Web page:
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Vertebrate Paleontology
Tiny microfossil teeth

Studying microfossil teeth of the Sagebrush Vole from Washington state to understand a pattern of evolution.

Researcher collecting fossils in Antarctica

Burke paleontologists travel to Antarctica to collect 250-million-year-old fossils from the Triassic period.

A local 10-year-old discovered a fossilized mammoth tooth while walking along the beach on Whidbey Island.

Paleontologists prepare the plaster field jacket on a T. rex skull

Burke Museum paleontologists discovered a T. rex in Montana, including a very complete skull.

Carlos Mauricio Peredo studying the 27-million-year-old-fossil whale in our Life & Times exhibit

The 27-million-year-old fossil whale on display in our Life & Times exhibit is officially a new species! 

Exploring how (and when) whales, dolphins and porpoises evolved the ability to efficiently swim through the water. 

Student scanning a mammoth skull.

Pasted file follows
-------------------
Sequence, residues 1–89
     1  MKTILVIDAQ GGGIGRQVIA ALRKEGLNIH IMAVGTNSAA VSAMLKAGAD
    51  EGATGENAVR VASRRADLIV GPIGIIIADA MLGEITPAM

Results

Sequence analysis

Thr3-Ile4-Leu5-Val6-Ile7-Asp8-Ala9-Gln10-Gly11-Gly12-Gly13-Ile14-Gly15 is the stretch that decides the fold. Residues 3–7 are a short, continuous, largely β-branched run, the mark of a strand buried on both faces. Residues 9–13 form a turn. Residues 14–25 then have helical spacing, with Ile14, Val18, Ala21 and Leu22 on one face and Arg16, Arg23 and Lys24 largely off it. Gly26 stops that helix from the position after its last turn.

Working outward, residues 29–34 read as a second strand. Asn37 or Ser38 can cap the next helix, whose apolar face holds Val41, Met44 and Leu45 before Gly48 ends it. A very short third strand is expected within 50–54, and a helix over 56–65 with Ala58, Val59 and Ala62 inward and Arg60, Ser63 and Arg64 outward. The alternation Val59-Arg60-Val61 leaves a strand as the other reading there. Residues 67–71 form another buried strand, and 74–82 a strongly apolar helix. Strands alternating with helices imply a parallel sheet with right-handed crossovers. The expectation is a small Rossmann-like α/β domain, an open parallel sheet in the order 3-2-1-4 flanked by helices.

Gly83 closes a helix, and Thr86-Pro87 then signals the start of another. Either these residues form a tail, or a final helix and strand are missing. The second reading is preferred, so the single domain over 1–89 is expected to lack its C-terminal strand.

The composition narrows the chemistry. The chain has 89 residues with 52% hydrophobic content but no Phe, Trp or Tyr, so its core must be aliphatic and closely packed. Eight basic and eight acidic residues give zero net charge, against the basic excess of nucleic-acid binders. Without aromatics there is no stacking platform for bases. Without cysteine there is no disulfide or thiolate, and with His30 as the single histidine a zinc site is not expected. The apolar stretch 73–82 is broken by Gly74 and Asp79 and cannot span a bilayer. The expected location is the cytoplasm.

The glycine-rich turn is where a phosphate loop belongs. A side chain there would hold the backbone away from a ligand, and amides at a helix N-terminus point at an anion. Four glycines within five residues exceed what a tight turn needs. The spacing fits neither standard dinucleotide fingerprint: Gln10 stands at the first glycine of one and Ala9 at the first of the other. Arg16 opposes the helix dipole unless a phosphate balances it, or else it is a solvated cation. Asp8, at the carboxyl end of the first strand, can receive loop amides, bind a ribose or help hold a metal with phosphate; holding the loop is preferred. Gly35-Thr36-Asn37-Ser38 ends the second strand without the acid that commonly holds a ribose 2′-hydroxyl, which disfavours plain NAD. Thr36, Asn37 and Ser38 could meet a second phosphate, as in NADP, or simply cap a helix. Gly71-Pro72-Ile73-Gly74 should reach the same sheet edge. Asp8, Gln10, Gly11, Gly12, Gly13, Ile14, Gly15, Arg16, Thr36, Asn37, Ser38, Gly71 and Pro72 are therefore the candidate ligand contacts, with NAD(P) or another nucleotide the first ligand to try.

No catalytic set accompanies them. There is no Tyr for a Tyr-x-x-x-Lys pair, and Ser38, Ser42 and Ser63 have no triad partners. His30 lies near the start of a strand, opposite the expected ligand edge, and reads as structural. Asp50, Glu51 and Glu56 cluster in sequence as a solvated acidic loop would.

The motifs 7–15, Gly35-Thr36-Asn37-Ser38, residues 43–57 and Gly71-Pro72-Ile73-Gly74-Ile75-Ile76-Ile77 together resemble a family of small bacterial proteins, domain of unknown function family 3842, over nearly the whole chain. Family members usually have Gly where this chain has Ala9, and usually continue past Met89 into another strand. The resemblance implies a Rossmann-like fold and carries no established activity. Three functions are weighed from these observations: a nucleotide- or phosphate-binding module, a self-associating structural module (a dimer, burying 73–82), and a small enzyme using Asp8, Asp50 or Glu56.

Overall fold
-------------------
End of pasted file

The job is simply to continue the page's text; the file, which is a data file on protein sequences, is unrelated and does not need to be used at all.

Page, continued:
The Burke Museum and College of Engineering are collaborating to scan and 3D print a large-scale mammoth.

An extinct animal often cited as a ‘missing link’ between modern seals and their four-limbed, land-dwelling ancestors.

Carnivore fossils in the Burke Museum paleontology collection.

How does competition between species affect their long-term evolution?

Bruce cuts into the cast containing the Columbian mammoth tus

We started removing the cast covering LuLu the Columbian mammoth's tusk to get a glimpse into its preservation.

Burke paleontologists collected the partial skull of what's likely a Columbian mammoth after it was found along an eroded bluff near Sequim.

seal fossil

What can the fossil record tell us about how seals and sea lions evolved into the animals they are today?

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